A huge welcome to children's author Lee Fox.
Have you always wanted to be an author?
As a child I dreamed of being a writer because I enjoyed writing poetry but I didn't have a sense of what being a writer/author meant or how one became a writer/author. In 1987 I thought about being a writer again, very briefly, because I was doing my VCE as a mature aged student and really, really loved all the writing components of the course. Other students thought I was crazy for this. In 2000 I decided to go for it and set out to do everything I could to make my dream a reality.
What was your road to publication like?
Once I'd made the decision to be a writer, and set a goal to have my work published, I began calling myself a writer. I promptly enrolled in a Freelance Journalism course with the Australian College of Journalism. Each week I received my tutorial and set about completing it. It was so much fun to have a writing task to focus on then send off to my tutor for comments and feedback. As a result of this course I had my first article published and received some money! It was such a great feeling. By the end of the 25 week correspondence course I'd had three articles published in The Age newspaper and made $1,800. This was a clear indication that I should keep going. But I didn't want to do journalism. So I enrolled in the Professional Writing and Editing course at RMIT and was accepted. I thought this course would give me the opportunity to try a few different genres and find what I was good at. I should mention that my goal by this stage was to write a book and have it published. I started with two subjects in the PWE course - Short Story and Editing.
Short Story was great for creating short writing projects and getting feedback from the class. Editing was great for perfecting my writing and learning about grammar and punctuation. I found the editing class tough at times but I would highly recommend it to anyone who is serious about improving their writing skills. I also did a short course on proofreading which helped immensely. The following year I enrolled in the Writing for Children subject, not because I particularly wanted to be a children's author but because I'd heard that the teacher was great. I didn't think I was too good at writing for children but I persisted because the teacher was actually great and her classes were a hoot.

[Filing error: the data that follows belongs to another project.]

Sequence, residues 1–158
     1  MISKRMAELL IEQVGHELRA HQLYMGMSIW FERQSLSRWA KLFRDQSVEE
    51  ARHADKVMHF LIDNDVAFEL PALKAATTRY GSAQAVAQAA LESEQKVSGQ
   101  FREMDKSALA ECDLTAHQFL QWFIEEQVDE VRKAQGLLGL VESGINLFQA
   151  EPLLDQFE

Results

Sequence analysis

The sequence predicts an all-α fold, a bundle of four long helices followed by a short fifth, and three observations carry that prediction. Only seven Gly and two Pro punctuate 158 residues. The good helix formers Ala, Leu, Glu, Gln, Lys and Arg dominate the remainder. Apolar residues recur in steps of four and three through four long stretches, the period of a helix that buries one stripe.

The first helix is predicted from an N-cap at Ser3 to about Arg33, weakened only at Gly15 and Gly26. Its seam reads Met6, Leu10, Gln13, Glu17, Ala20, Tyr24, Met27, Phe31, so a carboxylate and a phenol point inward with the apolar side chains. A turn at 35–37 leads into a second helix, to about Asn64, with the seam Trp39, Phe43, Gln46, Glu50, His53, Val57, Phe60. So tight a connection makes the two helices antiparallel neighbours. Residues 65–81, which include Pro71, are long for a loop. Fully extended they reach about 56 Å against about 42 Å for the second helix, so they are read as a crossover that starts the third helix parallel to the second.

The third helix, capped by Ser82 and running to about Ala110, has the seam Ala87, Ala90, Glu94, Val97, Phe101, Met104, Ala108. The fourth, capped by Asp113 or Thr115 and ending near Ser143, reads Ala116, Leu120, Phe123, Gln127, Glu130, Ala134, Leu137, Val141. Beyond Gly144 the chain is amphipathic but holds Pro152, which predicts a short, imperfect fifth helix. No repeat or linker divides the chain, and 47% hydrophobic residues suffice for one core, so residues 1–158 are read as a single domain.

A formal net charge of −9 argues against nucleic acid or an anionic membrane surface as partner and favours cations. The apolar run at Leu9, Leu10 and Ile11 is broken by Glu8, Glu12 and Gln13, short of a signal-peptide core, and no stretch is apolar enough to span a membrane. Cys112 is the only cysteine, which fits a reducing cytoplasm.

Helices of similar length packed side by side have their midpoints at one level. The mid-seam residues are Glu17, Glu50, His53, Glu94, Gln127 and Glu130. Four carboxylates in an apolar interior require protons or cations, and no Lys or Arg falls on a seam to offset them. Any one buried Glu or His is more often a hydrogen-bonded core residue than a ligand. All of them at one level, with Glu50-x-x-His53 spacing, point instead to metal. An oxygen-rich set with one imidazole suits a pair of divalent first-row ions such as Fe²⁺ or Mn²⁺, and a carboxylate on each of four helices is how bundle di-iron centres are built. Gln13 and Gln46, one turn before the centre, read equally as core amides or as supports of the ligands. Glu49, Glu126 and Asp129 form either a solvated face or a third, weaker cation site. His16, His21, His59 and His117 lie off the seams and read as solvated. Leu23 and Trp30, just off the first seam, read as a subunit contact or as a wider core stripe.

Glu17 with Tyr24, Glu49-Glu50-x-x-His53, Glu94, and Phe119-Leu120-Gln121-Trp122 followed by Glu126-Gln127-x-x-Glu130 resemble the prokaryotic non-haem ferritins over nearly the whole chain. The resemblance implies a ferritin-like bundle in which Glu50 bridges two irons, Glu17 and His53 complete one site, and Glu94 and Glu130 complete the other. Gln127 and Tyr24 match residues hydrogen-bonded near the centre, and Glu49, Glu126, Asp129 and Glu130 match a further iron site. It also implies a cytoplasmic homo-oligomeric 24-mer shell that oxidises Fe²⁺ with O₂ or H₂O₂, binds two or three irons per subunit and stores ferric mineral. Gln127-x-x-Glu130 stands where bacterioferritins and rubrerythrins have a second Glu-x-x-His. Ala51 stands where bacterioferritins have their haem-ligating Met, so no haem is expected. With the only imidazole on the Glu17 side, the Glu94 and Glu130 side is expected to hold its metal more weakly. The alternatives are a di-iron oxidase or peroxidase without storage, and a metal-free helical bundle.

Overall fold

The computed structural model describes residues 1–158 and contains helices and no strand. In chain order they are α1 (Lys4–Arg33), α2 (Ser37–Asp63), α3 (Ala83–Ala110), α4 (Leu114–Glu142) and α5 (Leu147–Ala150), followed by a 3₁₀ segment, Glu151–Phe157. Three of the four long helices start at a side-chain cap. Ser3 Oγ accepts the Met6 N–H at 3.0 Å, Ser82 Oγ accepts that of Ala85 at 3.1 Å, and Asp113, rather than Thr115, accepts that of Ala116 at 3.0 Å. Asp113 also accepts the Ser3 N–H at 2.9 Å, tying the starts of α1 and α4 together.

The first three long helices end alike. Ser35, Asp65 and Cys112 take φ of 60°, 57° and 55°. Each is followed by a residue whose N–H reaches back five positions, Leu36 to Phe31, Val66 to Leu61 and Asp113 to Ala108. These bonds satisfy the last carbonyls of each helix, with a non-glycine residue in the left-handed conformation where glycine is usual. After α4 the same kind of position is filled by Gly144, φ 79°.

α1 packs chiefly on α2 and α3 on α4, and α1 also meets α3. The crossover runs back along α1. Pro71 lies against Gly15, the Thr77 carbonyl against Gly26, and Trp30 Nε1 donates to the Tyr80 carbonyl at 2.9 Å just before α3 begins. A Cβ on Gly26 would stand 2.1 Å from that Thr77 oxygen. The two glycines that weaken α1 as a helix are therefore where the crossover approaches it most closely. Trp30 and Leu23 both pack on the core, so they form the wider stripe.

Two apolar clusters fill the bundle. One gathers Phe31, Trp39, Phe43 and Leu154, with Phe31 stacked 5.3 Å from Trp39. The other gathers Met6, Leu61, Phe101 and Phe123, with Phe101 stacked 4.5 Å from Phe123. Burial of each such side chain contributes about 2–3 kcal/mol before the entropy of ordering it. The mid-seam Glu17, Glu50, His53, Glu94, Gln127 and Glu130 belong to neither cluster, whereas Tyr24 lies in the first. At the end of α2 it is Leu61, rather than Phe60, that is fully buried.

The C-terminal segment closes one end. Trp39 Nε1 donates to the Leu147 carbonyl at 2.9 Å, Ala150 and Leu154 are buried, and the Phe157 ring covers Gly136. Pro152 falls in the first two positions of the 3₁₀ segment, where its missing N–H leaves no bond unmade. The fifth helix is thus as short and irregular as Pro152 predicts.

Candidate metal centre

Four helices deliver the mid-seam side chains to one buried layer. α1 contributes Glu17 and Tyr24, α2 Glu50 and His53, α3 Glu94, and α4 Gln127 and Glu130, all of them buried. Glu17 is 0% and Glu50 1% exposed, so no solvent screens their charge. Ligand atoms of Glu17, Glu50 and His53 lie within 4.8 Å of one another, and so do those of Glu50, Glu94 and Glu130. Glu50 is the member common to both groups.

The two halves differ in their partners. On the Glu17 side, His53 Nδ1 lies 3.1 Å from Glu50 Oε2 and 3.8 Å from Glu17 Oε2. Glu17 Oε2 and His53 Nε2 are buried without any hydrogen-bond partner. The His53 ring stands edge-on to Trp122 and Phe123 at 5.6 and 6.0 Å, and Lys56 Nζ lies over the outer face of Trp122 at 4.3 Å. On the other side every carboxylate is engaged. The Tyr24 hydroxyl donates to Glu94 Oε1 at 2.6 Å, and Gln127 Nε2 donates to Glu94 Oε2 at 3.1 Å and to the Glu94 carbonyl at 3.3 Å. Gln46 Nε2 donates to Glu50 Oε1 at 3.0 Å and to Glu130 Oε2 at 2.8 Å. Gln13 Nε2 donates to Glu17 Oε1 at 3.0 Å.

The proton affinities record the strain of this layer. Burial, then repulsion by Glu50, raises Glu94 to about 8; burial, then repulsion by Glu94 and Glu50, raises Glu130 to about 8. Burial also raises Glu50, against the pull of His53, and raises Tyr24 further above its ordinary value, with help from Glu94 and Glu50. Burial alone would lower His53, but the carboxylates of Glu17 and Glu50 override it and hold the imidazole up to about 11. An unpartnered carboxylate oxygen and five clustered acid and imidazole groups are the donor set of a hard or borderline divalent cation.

During that year I wrote a story in rhyme about a girl who wouldn't let her mother brush her hair. I faced the same issue at home with my youngest child. I didn't show my teacher because she'd said that although kids, parents, teachers and librarians loved rhyming stories, publishers tended not to publish them (that's all I heard) unless they were very good (didn't catch that last bit). But I had enjoyed writing the story so I read it to my daughter then put it away. Sometime later - perhaps six months - I began thinking about the story again. I kept pushing the thoughts away but it was like the story was calling to me. One day I went - oh, I think I need to take notice of something here. I got the story out and sent it to a writer friend. She loved it and asked if I would like her to send it to her publisher. I said no. Only joking. I said, 'Yes, please do!!!' The publisher also said yes and Ella Kazoo was let loose on the world.
Tell us about your well loved picture book character, Ella Kazoo.
I love Ella Kazoo. She has such a mind of her own. The idea for Ella came from my daughter, Mia, the youngest of my five children, because at the time of writing the story Mia was refusing to let me brush her hair. But once I decided on the name, Ella Kazoo took on a life of her own - much like her hair. I think children love Ella because they can relate to her but also because they love reading about someone else being very naughty and getting into trouble. Children tell me that they think Ella Kazoo is very funny. Cathy Wilcox did a wonderful job of creating Ella's physical body and her hair is particularly wild. Just like Ella really.
What advice would give writers trying to perfect the art of rhyme?
What do you like to do when you're not writing?